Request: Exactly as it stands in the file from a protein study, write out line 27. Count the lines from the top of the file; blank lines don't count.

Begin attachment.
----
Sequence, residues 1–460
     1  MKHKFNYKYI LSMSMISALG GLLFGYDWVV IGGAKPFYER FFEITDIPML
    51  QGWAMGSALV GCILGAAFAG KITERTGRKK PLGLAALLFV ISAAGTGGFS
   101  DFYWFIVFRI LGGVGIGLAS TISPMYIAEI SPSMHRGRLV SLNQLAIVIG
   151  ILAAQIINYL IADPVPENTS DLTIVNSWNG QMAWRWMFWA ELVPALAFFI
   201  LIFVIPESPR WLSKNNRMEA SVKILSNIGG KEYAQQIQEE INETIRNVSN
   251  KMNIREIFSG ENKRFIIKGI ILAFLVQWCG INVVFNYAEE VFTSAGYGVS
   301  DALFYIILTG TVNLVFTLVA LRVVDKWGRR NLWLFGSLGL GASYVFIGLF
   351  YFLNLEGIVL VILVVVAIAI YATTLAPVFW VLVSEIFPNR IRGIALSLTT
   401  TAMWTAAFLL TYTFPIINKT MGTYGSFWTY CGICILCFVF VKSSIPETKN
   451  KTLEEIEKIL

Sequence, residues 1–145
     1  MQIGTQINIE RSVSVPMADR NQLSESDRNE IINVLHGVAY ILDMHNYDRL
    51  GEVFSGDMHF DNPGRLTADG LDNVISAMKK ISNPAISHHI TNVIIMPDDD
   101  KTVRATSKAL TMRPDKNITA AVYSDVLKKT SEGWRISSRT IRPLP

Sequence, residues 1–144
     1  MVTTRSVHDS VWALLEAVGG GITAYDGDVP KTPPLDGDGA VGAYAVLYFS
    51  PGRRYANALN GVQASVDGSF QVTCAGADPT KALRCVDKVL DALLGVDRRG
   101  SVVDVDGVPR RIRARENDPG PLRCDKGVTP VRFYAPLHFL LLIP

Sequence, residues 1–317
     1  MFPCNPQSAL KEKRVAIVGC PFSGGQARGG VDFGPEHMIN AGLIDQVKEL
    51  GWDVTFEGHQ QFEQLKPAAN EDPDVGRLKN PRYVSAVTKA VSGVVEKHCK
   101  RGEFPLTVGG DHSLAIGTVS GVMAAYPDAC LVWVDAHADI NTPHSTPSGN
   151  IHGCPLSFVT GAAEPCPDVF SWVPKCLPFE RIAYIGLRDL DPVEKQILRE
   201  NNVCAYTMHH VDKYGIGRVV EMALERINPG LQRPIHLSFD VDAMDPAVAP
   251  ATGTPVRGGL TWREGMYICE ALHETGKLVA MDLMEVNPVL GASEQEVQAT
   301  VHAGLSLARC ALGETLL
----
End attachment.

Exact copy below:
   301  VHAGLSLARC ALGETLL